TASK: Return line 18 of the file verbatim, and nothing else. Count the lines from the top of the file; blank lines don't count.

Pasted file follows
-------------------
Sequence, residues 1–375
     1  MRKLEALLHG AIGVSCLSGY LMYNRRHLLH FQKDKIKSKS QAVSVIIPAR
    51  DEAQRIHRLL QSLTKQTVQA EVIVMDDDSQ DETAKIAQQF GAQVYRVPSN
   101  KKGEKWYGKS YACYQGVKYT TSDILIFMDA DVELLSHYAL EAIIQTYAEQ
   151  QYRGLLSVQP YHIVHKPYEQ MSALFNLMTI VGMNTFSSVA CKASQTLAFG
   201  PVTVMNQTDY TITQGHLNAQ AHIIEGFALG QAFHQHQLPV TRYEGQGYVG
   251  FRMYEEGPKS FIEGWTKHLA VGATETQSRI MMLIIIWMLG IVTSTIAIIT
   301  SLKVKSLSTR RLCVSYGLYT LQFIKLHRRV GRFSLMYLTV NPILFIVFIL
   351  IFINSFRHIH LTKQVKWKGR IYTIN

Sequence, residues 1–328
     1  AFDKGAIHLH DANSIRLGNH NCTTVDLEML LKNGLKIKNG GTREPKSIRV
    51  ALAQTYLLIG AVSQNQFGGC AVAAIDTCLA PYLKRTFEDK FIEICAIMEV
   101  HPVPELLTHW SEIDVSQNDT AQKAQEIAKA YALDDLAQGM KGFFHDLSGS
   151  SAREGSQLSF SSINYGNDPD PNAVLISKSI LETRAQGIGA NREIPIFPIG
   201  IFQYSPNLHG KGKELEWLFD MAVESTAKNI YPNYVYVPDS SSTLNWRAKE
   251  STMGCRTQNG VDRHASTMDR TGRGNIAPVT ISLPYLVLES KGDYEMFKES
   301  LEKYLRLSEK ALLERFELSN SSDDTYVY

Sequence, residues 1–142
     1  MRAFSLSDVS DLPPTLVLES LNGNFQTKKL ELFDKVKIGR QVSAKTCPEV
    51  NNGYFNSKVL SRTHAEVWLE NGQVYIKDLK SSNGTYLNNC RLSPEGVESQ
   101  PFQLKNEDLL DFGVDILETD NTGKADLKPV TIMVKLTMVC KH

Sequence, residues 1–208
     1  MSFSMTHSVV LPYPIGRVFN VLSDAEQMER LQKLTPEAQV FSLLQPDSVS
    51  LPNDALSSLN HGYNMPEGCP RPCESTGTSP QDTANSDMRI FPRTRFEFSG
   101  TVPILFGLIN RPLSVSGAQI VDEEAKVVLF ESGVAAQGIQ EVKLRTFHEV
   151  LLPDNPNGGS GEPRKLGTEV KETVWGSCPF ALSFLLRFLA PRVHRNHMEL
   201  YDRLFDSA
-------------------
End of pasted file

Sequence, residues 1–142